PArtists are skilled mess makers, and their private lives are often as messy as their studios. In The Extraordinary Life and Memorable Moments of JMW Turner (Viking £ 25), Franny Moyle studies a prize specimen. His bio focuses on Turner’s antisocial quirks, questionable business relationships, and sexual irregularities. He was a shrewd self-promoter, negotiating harshly with aristocratic patrons and unabashedly campaigning for election to the Royal Academy; his seascapes made him an apologist for British imperial power and a slave trade investor who supported him. Still, he bonded with servants and, posing as an old tar named Puggy Booth, lodged with a widow in what was then known as ‘Sleazy Chelsea’.
The impalpability of his later work, which painted the “particles of light” we see when we think about looking at people and places, has led to accusations of insanity. As described by Moyle, his technique had a punk irreverence. The day of the opening at the Royal Academy, he scandalizes his colleagues by coating his paintings with a cloudy brown powder, then raises the reflections with spit goblets. Ignore the inflated title of the book: it’s a beautiful tale of the cranky, strife-ridden man behind those bright skies.
In Crazy enchantment: Claude Monet and the painting of Water Lilies (Bloomsbury £ 20), Ross King explores with words the personal paradise that Monet has built in Giverny. Like Turner, Monet lived through “highlights”, and cultivated his garden as “a haven of peaceful meditation” in which he could take refuge from war and social upheaval. Turner’s canvases were ridiculed as “pictures of nothing,” and Monet also challenged the old routine of pictorial representation. The lilies quivering in the hidden depths of his ponds were “impossible things”, and in the attempt to paint them he pursued a vision “to self-annihilation.”
King’s title, like Moyle’s, seems over-excited, but he justifies it. Monet’s mad obsession with these floating flowers produced an almost hypnotic enchantment: his atmospheric paintings, now exhibited in a pavilion in the Tuileries, turn the world upside down and give us the impression of floating or pleasantly drowning in this dark vegetation. clogged pools.
Timothy hyman’s The new world made: figurative painting in the twentieth century (Thames & Hudson £ 32) begins in a Nietzschean void, which is then triumphantly repopulated. At the end of the 19th century, says Hyman, “the world of objects” seemed “spectral, weightless, dissolved,” as if it was unraveling in Monet’s flooded garden. The book then shows how a succession of painters scorns abstraction and rehabilitates the human figure, recreating what Balthus calls the “drama of the flesh”.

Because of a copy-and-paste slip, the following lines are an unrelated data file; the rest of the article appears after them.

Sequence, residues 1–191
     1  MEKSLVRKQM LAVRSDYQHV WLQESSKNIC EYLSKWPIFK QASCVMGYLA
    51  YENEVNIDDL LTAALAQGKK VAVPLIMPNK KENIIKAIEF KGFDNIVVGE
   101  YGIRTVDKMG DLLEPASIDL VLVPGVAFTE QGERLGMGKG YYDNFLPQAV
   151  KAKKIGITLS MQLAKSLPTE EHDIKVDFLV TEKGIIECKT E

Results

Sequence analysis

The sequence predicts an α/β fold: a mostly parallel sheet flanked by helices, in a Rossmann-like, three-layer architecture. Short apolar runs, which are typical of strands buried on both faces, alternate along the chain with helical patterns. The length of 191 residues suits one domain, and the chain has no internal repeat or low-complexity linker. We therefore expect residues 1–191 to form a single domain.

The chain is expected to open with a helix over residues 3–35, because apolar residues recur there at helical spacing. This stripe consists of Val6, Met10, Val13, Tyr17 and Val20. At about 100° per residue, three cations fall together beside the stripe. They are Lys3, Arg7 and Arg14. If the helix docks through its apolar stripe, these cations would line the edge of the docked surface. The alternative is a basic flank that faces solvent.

Some modernists torment their subjects, turn them neurotically or crucify them as Bacon does. Pierre Bonnard, however, is hired to “redeem” the besieged body in his bathroom scenes, and Hyman finds scenes of intimacy, convivial or erotic, behind the “airy drops and splodges” that cover Howard Hodgkin’s canvases. . Beautifully illustrated, this is art history at its peak and also – thanks to philosophical forays in which Hyman explores identity and the friction between self and society – its most captivating.
Disorder is the subject of Elizabeth Fullerton’s riot Arrage! : The story of the BRITART Revolution (Thames & Hudson £ 24.95), which documents the antics of upstart provocateurs who were aimed, as the Chapman brothers have said, to disrupt civilization and to poke fun at the idea that art has a moral purpose. Junk and rot abound here: With pachyderm poo Chris Ofili smeared all over the Madonna, we’ve got Damien Hirst maggots sprinkled on a rotting cow’s head, plus a ton of rotten oranges strewn around a dockyard warehouse by Anya Gallacio. A smelly bed documents what Fullerton categorically calls Tracey Emin’s “debauchery”: I would say it was proof of Emin’s disorder, not his depravity.
With the connivance of Charles Saatchi and the Royal Academy, the young radicals grew in respectability and wealth. Hirst, who pocketed £ 111million after a 2008 Sotheby’s auction, is now the richest artist in the world, and Emin’s work adorns the walls of 10 Downing Street. The dirty wasteland of London where they staged exhibitions that doubled as illegal raves have in the meantime become prime real estate. Fullerton concludes that the Young British Artists’ search for thrill established “the country’s place in the international pantheon”; now that Britain is imploding, it may be time for another upsurge of outrage.
Prado masterpieces (Thames & Hudson £ 75) is a guided tour of this awe-inspiring museum – which, by the way, is the place where Laura Cumming’s touching and thrilling quest for a lost Velázquez begins. The man who fainted (Chatto & Windus £ 18.99) – and at the same time, because these treasures are the spoils of monarchy and empire, a flashback to Europe’s unstable and bellicose past. The director of the Prado calls the collection he oversees the “fertile alluvial deposit” of history: is it that or a wreck recovered on the battlefield?